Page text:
School Administrators Not Backing Down From Ad Campaign
Vanessa De La Torre
May 05, 2011
School administrators are not backing down from their "Choose Hartford" media campaign.
Instead, they seemingly have upped the ante: A $395.8 million education budget adopted this week includes $198,000 for next year's print, TV and radio advertising promoting the city's schools to parents who might be considering other options offered under the Sheff desegregation agreement.
The current advertisements, which cost $167,550, have been criticized by Sheff attorneys as undermining their efforts.
"I'm sure it's not perfect," Superintendent Steven Adamowski said, referring to the campaign. "I'm sure we will learn lessons from it and be able to do things differently in the future."
But he described the campaign as necessary to prevent an exodus of students from Hartford.
Tom Murphy, a Department of Education spokesman, said Wednesday that the state's goal is to have a total of 5,500 Hartford students leave the city for regional, magnet and suburban schools to comply with Sheff. The court-ordered agreement calls for the state to place 41 percent of Hartford's minority students in racially and economically integrated classrooms by 2013. Currently, the figure is just 28 percent.
About 3,050 city students are bused out of Hartford now, including 1,300 who attend suburban schools through the Open Choice program, according to state figures.
Adamowski believes that meeting the 41 percent goal would have a "devastating impact" on the city because it would require at least 2,500 additional Hartford students to leave for out-of-district schools. Several city schools would need to close, he warned, which would mean the potential loss of hundreds of staff positions.
Should the state fail to achieve that integration, the Sheff agreement can still be met if 80 percent of Hartford students are attending a school of their choice, which can include a city school. It is called the "demand" provision, and that's what Adamowski wants.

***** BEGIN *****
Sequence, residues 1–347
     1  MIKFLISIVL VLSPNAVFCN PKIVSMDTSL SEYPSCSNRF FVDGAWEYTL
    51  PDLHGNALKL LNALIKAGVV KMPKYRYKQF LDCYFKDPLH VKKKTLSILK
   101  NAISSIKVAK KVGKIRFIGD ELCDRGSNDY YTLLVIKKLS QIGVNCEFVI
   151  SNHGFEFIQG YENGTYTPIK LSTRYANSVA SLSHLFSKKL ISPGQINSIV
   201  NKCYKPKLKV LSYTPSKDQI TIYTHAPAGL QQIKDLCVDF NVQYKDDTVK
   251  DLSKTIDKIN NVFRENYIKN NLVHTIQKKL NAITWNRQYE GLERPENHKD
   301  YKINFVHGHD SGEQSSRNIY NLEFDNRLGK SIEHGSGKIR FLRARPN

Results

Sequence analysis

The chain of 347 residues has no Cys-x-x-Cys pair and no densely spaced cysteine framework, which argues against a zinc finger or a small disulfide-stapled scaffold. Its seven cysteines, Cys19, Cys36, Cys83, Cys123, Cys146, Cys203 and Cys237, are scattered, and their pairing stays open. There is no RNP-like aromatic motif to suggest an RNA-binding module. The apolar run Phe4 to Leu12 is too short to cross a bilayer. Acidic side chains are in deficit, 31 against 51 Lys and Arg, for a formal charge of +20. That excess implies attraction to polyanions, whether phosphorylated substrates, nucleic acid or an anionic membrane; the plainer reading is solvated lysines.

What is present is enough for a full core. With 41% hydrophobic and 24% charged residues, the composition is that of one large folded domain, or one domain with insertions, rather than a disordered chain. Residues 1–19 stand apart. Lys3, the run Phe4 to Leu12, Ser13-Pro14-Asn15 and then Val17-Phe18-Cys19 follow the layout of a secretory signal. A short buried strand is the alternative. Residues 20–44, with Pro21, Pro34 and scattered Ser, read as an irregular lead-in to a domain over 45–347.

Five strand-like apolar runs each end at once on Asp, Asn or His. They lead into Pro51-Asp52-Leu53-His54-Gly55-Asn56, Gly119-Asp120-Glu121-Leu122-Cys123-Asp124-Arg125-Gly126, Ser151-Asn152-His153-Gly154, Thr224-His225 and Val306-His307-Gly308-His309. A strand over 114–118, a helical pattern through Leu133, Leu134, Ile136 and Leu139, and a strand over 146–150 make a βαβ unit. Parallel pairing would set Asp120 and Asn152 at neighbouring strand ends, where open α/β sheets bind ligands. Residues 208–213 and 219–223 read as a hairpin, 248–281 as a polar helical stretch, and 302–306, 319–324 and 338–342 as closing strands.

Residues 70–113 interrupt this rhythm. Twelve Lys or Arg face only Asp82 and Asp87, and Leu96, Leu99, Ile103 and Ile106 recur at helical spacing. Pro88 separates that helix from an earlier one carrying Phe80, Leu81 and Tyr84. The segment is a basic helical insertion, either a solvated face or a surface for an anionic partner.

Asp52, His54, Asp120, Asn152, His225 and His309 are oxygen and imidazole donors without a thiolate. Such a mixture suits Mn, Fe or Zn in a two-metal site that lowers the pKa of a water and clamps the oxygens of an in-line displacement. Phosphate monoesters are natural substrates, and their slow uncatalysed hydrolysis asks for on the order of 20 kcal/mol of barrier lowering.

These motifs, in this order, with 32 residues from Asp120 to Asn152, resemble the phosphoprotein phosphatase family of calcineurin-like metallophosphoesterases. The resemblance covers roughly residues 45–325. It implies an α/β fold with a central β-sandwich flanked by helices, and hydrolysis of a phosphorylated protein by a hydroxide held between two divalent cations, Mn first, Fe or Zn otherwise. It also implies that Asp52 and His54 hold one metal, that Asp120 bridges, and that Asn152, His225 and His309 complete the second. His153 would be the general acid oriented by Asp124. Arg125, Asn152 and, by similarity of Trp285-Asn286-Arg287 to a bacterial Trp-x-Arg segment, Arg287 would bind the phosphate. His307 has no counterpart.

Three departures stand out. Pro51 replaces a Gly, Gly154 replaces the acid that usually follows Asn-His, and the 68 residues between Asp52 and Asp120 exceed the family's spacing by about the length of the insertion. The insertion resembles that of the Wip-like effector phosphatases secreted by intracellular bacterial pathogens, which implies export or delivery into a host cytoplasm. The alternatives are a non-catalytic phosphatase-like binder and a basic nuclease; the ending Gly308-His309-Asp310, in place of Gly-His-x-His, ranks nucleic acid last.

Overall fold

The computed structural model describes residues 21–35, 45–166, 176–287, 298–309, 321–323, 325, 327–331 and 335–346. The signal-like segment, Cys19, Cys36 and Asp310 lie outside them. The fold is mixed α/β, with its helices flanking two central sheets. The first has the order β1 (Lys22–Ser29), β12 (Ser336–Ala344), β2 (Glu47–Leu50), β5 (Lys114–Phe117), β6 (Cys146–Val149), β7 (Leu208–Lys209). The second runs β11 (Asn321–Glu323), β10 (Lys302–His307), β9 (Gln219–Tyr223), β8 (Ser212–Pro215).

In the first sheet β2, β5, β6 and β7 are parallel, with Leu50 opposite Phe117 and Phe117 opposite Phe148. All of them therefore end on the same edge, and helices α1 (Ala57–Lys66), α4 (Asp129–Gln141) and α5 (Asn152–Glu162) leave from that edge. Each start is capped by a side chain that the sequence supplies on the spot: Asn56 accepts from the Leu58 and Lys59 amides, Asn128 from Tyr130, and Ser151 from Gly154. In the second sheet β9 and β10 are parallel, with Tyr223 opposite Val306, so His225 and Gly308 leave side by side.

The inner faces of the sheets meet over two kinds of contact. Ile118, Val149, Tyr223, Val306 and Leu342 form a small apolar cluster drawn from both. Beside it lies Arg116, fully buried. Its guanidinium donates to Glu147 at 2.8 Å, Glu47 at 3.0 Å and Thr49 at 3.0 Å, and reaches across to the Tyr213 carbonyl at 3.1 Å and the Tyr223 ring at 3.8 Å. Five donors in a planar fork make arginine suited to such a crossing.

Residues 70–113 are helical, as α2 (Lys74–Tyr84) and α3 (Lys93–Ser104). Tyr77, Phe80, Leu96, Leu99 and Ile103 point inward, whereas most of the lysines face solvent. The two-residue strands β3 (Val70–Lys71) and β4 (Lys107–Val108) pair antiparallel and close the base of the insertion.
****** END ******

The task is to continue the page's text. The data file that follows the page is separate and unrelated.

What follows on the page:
The "Choose Hartford" campaign urges parents to accept their children's assigned placement by May 15.
"Why risk their future on a lottery and then a waiting list?" one TV ad said, referring to the other Sheff options. The Open Choice and magnet school lottery results were mailed to applicants last month, but families that were rejected can seek a spot on the waiting list.
Adamowski said the radio and TV spots will end this week and commercials being shown at Bow-Tie Cinemas on New Park Avenue are scheduled to conclude next week.
The American Civil Liberties Union and attorneys presenting the Sheff plaintiffs have said they are "dismayed" by the campaign.
Board members Elizabeth Brad Noel and Robert Cotto Jr. also criticized the advertisements as too negative. David MacDonald, the board chairman, said "we need a more artful way" to market the schools with next year's $198,000 budget.
But incoming Superintendent Christina Kishimoto, who developed the city's own choice program as an assistant superintendent, offered no apologies. Last year, she said, the school system asked the state to be a partner in promoting city schools, and "the state would not market with us."
The state's 2010-11 budget for advertising and marketing under the Regional School Choice Office is $415,000, including $70,000 for the 12 regional magnet schools in Hartford and $70,000 for the Capitol Region Education Council magnet schools, Murphy said.
"So we ran our campaign," Kishimoto told the board. "And now we have their attention."
Reprinted with permission of the Hartford Courant.
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